Antibiotic resistance: how some bacteria capture resistance genes from their environment?

Antibiotic resistance: how some bacteria capture resistance genes from their environment?

Tue, 08/02/2022

Press release, Publication

Publication of the CIRI in the journal mBio on January 25, 2022. vetAgroSup and Iserm Press release on February 7, 2022.
Picture credits: solarsevn

A. baumannii on chromogenic medium
A. baumannii on chromogenic medium. Credits : Maria-Halima Laaberki

Acinetobacter baumannii infection poses a major health threat, with recurrent treatment failure due to antibiotic resistance, notably to carbapenems. While genomic analyses of clinical strains indicate that homologous recombination plays a major role in the acquisition of antibiotic resistance genes, the underlying mechanisms of horizontal gene transfer often remain speculative. Our understanding of the acquisition of antibiotic resistance is hampered by the lack of experimental systems able to reproduce genomic observations. We here report the detection of recombination events occurring spontaneously in mixed bacterial populations and which can result in the acquisition of resistance to carbapenems. We show that natural transformation is the main driver of intrastrain but also interstrain recombination events between A. baumannii clinical isolates and pathogenic species of Acinetobacter. We observed that interbacterial natural transformation in mixed populations is more efficient at promoting the acquisition of large resistance islands (AbaR4 and AbaR1) than when the same bacteria are supplied with large amounts of purified genomic DNA. Importantly, analysis of the genomes of the recombinant progeny revealed large recombination tracts (from 13 to 123 kb) similar to those observed in the genomes of clinical isolates. Moreover, we highlight that transforming DNA availability is a key determinant of the rate of recombinants and results from both spontaneous release and interbacterial predatory behavior. In the light of our results, natural transformation should be considered a leading mechanism of genome recombination and horizontal gene transfer of antibiotic resistance genes in Acinetobacter baumannii.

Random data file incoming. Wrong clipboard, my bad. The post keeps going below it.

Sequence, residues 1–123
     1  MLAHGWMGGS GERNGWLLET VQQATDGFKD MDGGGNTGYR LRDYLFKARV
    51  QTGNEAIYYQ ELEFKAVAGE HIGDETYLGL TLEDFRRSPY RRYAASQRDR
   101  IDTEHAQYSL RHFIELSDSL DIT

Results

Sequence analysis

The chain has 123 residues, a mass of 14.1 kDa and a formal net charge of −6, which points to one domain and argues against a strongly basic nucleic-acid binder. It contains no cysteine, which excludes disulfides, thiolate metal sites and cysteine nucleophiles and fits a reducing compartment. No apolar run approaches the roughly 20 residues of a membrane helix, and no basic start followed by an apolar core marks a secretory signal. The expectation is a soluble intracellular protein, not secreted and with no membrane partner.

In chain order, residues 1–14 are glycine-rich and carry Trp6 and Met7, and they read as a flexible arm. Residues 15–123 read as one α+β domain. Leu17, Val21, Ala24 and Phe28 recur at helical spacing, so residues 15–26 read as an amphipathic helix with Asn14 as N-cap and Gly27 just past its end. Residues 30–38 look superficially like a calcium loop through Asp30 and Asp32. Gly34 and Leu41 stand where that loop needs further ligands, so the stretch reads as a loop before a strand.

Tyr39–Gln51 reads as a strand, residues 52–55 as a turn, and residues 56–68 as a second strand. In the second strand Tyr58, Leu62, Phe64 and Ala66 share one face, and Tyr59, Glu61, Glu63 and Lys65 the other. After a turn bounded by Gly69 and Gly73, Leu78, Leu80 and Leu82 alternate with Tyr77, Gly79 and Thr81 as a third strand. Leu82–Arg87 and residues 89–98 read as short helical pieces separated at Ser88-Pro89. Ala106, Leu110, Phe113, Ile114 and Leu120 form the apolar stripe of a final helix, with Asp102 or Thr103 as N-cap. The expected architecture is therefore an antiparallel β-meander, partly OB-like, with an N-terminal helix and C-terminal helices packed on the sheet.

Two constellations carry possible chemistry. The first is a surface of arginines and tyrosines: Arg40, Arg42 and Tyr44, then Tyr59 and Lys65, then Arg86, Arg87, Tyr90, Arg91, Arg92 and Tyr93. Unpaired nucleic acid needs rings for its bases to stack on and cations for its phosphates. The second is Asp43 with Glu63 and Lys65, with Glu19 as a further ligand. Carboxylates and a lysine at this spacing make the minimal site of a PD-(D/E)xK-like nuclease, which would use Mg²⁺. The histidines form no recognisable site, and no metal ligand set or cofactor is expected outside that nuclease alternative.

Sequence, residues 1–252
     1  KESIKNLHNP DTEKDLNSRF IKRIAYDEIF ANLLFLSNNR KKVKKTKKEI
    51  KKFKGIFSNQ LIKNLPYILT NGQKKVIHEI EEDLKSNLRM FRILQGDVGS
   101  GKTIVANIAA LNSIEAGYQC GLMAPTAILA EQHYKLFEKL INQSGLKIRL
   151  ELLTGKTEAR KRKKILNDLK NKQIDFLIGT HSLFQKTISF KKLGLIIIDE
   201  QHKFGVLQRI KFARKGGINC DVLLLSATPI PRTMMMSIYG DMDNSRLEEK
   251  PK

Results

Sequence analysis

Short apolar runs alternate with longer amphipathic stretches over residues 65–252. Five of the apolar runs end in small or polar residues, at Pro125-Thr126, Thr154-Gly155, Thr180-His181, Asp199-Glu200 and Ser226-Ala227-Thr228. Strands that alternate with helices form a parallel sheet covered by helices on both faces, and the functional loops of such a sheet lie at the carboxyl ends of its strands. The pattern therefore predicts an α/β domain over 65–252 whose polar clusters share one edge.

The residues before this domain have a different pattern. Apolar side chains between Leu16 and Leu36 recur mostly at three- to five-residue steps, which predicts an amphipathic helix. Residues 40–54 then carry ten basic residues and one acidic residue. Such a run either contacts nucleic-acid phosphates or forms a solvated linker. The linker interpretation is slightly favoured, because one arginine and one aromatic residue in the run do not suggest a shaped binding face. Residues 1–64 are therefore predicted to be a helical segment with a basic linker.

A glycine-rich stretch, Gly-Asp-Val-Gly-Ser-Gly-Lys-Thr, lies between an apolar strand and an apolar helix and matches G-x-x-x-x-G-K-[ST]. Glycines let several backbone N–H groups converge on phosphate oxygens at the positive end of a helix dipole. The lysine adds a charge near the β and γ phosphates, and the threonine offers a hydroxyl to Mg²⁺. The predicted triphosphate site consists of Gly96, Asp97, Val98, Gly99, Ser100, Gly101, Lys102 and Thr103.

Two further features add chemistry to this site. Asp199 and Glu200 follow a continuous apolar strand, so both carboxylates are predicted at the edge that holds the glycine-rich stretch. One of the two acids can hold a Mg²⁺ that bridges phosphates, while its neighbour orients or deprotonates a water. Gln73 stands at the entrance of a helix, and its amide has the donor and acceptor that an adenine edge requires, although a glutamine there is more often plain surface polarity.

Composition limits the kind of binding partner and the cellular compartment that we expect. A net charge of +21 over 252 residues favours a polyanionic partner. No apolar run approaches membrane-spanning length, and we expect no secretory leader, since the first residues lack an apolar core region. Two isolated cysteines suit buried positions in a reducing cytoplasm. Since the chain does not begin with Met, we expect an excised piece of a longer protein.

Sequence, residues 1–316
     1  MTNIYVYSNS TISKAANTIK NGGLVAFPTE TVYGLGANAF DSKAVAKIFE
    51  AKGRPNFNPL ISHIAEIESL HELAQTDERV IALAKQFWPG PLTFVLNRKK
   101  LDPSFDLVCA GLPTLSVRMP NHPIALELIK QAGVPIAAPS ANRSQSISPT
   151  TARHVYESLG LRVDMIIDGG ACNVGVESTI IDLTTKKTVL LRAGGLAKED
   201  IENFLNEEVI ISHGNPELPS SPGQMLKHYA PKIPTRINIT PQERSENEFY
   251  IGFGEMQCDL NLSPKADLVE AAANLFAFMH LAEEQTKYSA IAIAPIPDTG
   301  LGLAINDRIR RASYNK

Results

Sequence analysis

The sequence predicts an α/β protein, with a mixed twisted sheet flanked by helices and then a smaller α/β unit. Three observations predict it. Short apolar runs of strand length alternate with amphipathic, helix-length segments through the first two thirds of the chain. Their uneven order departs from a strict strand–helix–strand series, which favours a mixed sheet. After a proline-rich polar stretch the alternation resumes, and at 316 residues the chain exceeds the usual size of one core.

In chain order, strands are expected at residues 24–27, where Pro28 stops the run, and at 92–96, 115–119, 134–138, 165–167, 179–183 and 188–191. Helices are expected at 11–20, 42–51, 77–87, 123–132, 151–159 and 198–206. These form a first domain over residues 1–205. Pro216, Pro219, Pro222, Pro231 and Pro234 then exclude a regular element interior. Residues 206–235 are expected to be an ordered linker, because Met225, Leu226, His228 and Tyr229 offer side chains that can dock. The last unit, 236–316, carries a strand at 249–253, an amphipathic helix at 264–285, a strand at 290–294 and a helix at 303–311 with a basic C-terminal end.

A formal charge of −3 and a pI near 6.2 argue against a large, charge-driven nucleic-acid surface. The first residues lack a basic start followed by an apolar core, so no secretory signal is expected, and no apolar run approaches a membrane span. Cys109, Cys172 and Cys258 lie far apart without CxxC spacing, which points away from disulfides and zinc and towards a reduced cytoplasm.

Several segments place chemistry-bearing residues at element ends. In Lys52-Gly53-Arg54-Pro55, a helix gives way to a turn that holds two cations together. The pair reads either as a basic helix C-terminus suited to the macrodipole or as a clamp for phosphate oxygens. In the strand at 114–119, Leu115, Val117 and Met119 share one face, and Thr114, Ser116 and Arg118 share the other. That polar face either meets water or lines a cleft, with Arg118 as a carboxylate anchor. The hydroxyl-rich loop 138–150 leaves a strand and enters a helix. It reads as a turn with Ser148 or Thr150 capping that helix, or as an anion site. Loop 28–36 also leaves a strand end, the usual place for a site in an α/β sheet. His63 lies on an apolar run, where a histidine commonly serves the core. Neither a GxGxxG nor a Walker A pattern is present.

Authors: Anne-Sophie Godeux, Elin Sveldhom, Samuel Barreto, Anaïs Potron, Samuel Venner, Xavier Charpentier, Maria-Halima Laaberki
Open access publication:

Involved research units: Centre international de recherche en infectiologie (CIRI, CNRS/ENS de Lyon/INSERM/Claude Bernard Lyon 1 University), Laboratoire de biométrie et biologie évolutive (LBBE, CNRS/VetAgro Sup/Claude Bernard Lyon 1 University) et Chrono-environnement (CE, CNRS/Université Franche-Comté).